California school leaders, researchers discuss impacts of declining enrollment

California is estimating a 9 percent drop in K-12 enrollment, with some counties experiencing double that amount, by 2030. To complicate the picture, other counties are expecting to see enrollment increase as much as 10 percent. While the COVID-19 pandemic may have accelerated the decreases, local educational agencies and the Legislature can lessen the impact of declining enrollment, according to panelists in a March 24 roundtable hosted by EdSource.

The panel — which consisted of LEA leaders, education researchers and advocates and Senator John Laird (D-Santa Cruz) — weighed the pros and cons of funding formulas relying on average daily attendance or enrollment, how funding formulas could lead to improved realities for students coming out of the public health crisis, and what some LEAs are doing to slow the decline and boost attendance.

Referencing a recent Policy Analysis for California Education report “Student Count Options for School Funding: Trade-offs and Policy Alternatives for California,” Carrie Hahnel, senior director of policy and strategy at the Opportunity Institute, pointed out that absenteeism is often highest in higher poverty districts and so the LEAs who need funding most get the greatest penalties under ADA. Additionally, while funding is based on attendance, schools’ budgets are based on enrollment.

ADA in the state is typically 95 percent of enrollment and doesn’t vary much by district, Hahnel said. High poverty districts hover around 1 percentage point below average and districts with more privilege are usually 1 percentage point above.

Adding to Hahnel’s comments, Julien Lafortune, research fellow at Public Policy Institute of California, said that while attendance rates don’t differ much across the state, “we do see a little more variance is in small districts and rural districts and so there the impact of students missing a few days can be larger — when you have fewer students overall, that’s a bigger chunk of the budget. This could provide additional stability as well.”

District perspectives

As superintendent at San Ysidro School District, Gina Potter said she handles attendance-related penalties for students and families.

In her district, between 25 and 30 percent of students fall under the McKinney-Vento Act on unhoused or homeless youth. It’s hard, she said, to consider penalties for students in a vulnerable population who may be living out of cars or couch surfing instead of just providing resources and supports.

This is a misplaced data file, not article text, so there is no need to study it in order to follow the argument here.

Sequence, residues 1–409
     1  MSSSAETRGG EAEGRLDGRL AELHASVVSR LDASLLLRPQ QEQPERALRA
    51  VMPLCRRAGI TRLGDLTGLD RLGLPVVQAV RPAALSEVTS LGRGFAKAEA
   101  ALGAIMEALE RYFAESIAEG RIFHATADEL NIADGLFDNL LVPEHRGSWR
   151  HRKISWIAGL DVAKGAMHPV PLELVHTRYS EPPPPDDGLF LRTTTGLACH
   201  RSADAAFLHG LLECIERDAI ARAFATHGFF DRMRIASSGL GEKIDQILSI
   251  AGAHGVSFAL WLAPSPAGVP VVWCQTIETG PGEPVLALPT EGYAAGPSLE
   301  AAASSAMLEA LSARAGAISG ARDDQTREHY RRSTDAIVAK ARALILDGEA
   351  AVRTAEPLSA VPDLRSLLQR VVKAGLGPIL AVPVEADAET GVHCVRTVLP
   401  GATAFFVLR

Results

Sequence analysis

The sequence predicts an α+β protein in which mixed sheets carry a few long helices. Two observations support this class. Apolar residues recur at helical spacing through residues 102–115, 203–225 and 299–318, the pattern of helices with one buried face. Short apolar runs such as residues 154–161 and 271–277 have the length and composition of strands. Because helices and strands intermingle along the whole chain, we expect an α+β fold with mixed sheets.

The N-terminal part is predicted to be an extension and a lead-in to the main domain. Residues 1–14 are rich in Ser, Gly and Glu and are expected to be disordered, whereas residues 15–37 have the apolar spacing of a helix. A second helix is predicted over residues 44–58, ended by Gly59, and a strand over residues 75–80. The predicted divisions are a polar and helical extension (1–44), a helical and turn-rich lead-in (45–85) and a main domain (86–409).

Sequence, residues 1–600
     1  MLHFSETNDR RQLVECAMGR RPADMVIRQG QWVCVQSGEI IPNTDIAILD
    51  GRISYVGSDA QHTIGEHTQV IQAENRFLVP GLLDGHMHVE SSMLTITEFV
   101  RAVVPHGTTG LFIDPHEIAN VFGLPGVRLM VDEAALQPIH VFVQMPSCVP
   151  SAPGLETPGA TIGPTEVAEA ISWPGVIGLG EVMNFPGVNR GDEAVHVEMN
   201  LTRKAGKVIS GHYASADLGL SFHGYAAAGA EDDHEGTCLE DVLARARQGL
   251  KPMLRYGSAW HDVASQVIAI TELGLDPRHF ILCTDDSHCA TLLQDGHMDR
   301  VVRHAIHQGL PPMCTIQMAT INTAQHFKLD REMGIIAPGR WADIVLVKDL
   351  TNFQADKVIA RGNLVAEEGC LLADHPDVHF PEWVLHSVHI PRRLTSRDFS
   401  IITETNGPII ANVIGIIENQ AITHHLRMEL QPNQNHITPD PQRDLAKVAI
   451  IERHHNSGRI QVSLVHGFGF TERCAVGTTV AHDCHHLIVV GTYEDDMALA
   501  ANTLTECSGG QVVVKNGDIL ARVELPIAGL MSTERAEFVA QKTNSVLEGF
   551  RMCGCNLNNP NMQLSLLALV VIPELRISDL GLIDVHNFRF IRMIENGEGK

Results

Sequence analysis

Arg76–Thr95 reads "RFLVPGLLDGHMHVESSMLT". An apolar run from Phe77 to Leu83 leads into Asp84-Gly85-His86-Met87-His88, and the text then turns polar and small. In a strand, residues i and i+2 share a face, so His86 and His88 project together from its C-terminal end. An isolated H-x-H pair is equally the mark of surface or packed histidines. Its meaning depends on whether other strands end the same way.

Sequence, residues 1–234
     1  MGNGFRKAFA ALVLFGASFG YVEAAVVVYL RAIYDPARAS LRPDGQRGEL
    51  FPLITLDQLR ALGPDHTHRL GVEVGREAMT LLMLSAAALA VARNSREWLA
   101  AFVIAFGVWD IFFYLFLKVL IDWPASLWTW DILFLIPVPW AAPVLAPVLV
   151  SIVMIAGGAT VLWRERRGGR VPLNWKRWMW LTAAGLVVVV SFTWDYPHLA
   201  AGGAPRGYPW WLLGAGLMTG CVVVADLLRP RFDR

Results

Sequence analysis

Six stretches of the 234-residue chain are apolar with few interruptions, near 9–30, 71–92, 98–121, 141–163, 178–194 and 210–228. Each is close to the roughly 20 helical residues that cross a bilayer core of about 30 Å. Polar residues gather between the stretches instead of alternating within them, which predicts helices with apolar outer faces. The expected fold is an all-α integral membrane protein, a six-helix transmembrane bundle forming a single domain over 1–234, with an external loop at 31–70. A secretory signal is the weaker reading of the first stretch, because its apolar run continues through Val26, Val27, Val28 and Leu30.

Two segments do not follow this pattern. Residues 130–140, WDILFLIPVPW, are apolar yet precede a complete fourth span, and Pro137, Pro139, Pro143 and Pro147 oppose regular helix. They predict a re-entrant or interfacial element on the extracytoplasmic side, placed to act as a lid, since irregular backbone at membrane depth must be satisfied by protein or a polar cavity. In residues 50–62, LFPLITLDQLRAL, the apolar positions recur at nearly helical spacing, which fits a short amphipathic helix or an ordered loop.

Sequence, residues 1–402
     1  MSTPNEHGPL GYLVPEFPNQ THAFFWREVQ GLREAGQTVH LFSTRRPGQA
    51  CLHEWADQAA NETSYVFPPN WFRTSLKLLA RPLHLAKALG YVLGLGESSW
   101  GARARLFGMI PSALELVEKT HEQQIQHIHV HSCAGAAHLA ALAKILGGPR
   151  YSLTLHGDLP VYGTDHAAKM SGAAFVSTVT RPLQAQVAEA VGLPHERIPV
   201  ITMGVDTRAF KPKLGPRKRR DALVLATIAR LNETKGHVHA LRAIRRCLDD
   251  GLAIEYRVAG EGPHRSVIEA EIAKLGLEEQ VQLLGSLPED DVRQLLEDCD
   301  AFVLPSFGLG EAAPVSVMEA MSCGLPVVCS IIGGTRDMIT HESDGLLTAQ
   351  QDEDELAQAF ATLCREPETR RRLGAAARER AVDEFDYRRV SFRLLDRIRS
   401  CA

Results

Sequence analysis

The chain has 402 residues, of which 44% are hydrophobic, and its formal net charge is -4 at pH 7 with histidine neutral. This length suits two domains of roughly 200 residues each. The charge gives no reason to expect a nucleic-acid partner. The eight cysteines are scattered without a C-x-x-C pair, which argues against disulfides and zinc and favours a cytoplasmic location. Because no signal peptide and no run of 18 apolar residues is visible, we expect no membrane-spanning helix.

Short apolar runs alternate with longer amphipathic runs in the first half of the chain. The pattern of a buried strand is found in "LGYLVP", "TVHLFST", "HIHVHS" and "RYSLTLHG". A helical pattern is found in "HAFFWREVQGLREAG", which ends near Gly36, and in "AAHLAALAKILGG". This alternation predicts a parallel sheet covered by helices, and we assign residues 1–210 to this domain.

Potter said that she’s a proponent of transitioning from ADA to enrollment-based funding while there’s additional money available. “I think we have a rare opportunity right now with the boom in state revenues to address this in a meaningful way,” Potter said.

Describing what her district experienced attendance-wise since the pandemic, she said COVID’s impact has been “tremendous” for all LEAs. During the omicron wave, San Ysidro SD issued independent study contracts to students so they could participate in school remotely just to realize that was a major hardship if they or their families were sick. The independent study contracts needed to be completed to recoup ADA, Potter explained. It didn’t seem fair to be penalized for something out of everyone’s control.

“If school districts in the state of California don’t receive some type of COVID attendance relief for this year’s COVID losses, my district with just seven schools will realize a fiscal loss of $1.7 million,” Potter said. “It’s urgent that the Legislature provide some kind of COVID attendance relief for the current year. It doesn’t have to be identical to what was provided last year, but anything to mitigate that fiscal loss because we’re doing our absolute best.”

Long Beach Unified School District’s All Here campaign predates the pandemic. Used to boost attendance and enrollment, the peer-learning network where organizations like Attendance Works have offered strategies for success, was presented by Erin M. Simon, assistant superintendent of school support services at Long Beach USD.

Building relationships within the community has helped keep ADA strong, Simon said. Training staff to be welcoming with students, creating restorative environments, communication with families, outreach and positive messaging have all played a role as well as having tiered levels of support when students miss school.

In San Juan USD, Holly Cybulski, director of elementary and K-8 schools, talked about the enrollment increase in the LEAs home school program, operating under state independent study legislation.. The program offers educator support for parents, district curriculum and other perks like being able to transfer to an in-person school, and Cybulski credits it for retaining and attracting students who may have otherwise attended a charter or private school.

A recording of the webinar is available to view here.